This product included Steven Furtick’s new book, Greater, a DVD and discussion guide. The book is well done and very motivating. I could see it used for adults, young adults, or more mature high school youth. It too comes with discussion questions. The DVD and discussion guide are meant to compliment the book, but can also be used independently. The discussion guide is also well done, although it may be geared towards more mature believers and older youth/young adults. The DVD is phenomenal and can be used in almost any youth ministry or adult ministry setting in the church. The best use of this product for a youth ministry would be for the youth leader to get all three pieces, read the book and then use the DVD for youth group or small groups. I would recommend utilizing the discussion guide and the book for small group or youth group discussion along with the video. Greater can motivate anyone to a God sized vision and help provide the confidence needed to achieve those visions.

Rev. Marcus J Carlson has worked with children and youth for over 14 years and is a spiritual director. He current serves as Associate Pastor at Bethel Lutheran Church in Colorado Springs, CO. (

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06 Sep

Mission Trip Rules that Transform

Posted in Uncategorized on 06.09.12 by Merlyn

Published at Youthworker Online (A part of Youthworker Journal)

Read the online article here

Mission Trip Rules that Transform

When we think about mission trips, rules are not one of the first things that come to mind. Rules in youth ministry are often treated as a necessary evil instead of an opportunity. Believe it or not, in the case of mission trips, rules not only create physical and emotional safety, they can add to the transforming power of mission trips. There are a few rules that I have carried with me throughout my whole career and to every church I have served. They are always met with some resistance, but they have served as a great tool for transformation. Too often, we youth worker types are not intentional about many things, particularly our rules and expectations of students.

Rule #1: Cell Phones

I have never allowed students to bring cell phones on mission trips for any reason. We communicate this with students and parents early and often. We do allow our adults to bring them for communication and safety reasons, but also ask them not to use them in front of students unless it is an emergency or an important trip communication. Leaving cell phones home makes a huge difference on mission trips. It’s one more thing that could get lost or stolen as well as one more thing to keep track of. Additionally, cell phones are a huge distraction. Most of our rules for mission trips are focused on either safety or removing distractions. Forcing our students to disconnect during the mission trip avoids a wide variety of problems and leads to a lot of transformation. Our students (as well as adults) are surrounded by noise and distraction and are constantly connected. This prevents so many of us from hearing the voice of God. Removing cell phones from our trips has helped students hear the still, small voice of God with more clarity.

Rule #2: Other Electronic Devices

We also have rules regarding other electronic devices. We do allow music players (ipod etc) on our trips unless we are going on an international trip and are concerned about customs (Yes, we have several students who tell us their music is on their phone but we do not allow them to bring their phones for any reason). We only allow these music devices to be used while on the drive or flight to and from the location of the trip. Once we arrive we take them away and lock them up (this prevents them from getting used, lost or stolen) and even though we have students who insist they need them to sleep, we ask them to suffer for Jesus. We of course allow cameras (unless it’s a phone) on our mission trips, but do not allow any other electronic devices (video game players etc) on our trips. As with the cell phones, these devices are not only a risk (theft etc), but they are also a distraction. Thankfully we have not had any students go into shock after a week without their electronic devices.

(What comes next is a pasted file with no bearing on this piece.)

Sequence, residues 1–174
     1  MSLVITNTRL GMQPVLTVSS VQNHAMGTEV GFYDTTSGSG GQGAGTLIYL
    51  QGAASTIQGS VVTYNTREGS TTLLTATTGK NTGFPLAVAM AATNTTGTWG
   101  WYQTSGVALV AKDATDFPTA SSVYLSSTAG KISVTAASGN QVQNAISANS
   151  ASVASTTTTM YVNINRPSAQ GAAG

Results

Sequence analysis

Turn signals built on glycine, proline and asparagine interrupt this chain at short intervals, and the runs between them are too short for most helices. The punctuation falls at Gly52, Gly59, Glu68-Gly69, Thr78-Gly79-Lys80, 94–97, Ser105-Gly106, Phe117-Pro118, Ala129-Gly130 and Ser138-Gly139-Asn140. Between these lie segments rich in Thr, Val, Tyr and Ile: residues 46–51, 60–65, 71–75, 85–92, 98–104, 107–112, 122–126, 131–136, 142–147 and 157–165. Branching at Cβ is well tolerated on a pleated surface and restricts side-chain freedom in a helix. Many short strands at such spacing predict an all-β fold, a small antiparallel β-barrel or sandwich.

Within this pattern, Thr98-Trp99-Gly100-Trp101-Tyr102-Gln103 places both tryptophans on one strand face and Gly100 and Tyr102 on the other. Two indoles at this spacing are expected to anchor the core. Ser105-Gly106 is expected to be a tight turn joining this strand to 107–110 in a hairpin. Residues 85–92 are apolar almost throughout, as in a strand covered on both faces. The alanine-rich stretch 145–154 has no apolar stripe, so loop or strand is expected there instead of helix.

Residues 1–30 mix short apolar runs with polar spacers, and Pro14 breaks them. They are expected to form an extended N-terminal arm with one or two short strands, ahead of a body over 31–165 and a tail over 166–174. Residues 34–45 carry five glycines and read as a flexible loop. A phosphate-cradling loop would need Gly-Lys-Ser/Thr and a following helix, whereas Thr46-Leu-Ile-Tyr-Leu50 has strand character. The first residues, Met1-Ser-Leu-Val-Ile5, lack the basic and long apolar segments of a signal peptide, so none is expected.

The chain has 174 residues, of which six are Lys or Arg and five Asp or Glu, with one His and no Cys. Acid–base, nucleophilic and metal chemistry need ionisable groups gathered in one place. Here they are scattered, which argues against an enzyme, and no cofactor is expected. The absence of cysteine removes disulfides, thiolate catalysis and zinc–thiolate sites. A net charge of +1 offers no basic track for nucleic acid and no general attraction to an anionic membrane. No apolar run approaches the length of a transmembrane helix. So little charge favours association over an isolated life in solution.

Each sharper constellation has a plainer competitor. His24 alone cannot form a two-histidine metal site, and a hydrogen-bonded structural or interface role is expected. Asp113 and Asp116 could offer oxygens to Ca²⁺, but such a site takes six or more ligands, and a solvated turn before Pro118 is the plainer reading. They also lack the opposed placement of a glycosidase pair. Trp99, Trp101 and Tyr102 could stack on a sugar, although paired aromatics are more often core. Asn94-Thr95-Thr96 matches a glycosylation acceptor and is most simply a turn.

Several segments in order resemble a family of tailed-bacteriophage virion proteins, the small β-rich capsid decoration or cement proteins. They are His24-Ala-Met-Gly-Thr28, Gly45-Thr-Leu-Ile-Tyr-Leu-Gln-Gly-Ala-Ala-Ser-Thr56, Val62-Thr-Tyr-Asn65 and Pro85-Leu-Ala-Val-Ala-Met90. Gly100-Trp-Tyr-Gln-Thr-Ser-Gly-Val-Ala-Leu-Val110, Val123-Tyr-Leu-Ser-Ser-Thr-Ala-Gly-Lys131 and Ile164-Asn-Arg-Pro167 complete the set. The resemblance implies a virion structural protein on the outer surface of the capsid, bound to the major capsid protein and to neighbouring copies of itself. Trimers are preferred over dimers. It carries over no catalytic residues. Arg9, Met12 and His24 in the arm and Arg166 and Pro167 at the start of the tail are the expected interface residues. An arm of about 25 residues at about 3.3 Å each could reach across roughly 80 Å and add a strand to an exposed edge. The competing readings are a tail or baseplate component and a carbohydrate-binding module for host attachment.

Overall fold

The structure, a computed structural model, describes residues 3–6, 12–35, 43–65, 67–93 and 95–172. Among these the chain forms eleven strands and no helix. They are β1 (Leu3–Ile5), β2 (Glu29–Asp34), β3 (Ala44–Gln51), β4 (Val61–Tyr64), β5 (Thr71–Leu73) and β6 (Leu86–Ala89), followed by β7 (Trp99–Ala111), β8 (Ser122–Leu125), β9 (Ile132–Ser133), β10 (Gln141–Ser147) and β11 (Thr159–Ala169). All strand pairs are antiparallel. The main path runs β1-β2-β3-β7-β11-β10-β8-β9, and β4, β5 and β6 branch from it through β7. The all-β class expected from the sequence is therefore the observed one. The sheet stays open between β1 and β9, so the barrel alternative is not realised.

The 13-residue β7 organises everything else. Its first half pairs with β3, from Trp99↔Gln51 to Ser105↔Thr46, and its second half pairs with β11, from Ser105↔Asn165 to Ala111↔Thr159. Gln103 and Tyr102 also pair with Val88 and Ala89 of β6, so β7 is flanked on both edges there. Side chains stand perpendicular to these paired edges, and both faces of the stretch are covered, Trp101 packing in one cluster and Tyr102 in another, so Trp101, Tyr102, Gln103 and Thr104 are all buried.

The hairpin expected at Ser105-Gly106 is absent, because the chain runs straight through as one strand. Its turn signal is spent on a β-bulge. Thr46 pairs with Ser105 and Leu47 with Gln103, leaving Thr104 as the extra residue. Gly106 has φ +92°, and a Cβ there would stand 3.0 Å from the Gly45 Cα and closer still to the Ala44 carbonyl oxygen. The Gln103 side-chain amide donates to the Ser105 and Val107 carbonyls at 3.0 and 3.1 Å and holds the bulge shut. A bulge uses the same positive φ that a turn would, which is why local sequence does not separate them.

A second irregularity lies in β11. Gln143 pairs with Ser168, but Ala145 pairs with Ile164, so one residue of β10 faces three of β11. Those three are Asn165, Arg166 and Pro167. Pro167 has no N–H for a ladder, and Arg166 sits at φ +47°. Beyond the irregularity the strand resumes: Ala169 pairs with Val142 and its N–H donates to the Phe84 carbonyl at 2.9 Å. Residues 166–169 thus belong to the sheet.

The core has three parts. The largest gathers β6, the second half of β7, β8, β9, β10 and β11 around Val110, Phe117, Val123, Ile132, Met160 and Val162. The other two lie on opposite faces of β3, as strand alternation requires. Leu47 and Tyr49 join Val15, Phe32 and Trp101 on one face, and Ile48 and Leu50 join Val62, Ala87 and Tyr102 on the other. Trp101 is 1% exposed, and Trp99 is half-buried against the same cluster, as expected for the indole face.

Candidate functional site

Rule #3: Pampering

This rule has created the most debate and controversy in recent years. For our mission trips we tell all participants that it is not a time to pamper, spend time on our appearance and parade the many resources we have in front of others. We ask our students and adults to avoid really nice clothing and jewelry and tell them not to bring a bunch of makeup and other pampering products including hair dryers, curling irons etc. More times than not, our leaders (and usually the ones in their twenties) have the hardest time with this rule.

Rule #4: The Obvious Stuff

There are those rules that are (or at least should be) obvious that I also hold fast to on mission trips. In addition to honoring and respecting the rules of the organizations and people you are working with, the most obvious of these rules relates to romantic physical contact between students. I have never permitted this and while I have rarely had a problem in this area (I am sure there are some I do not know about) it is a rule that we must take seriously on mission trips. Allowing students to wander alone in unsafe situations or riding on the roof of the church van along with other issues are the simple and obvious things that hopefully we do not forget.

The Covenant

Each year I ask our mission teams to create and sign a covenant. I ask them to think about the things that they should expect from each other and we have a dialogue about what should go into our covenant. This agreement between all of the members of our team and God is something that enhances the trip and creates great dialogue between our students as they prepare for our mission trips. It also helps us all to focus on why we are serving while perhaps even reducing some the drama that is a natural part of any mission trip.

Rev. Marcus J Carlson has worked with children and youth for over 14 years and is a spiritual director. He current serves as Associate Pastor at Bethel Lutheran Church in Colorado Springs, CO. (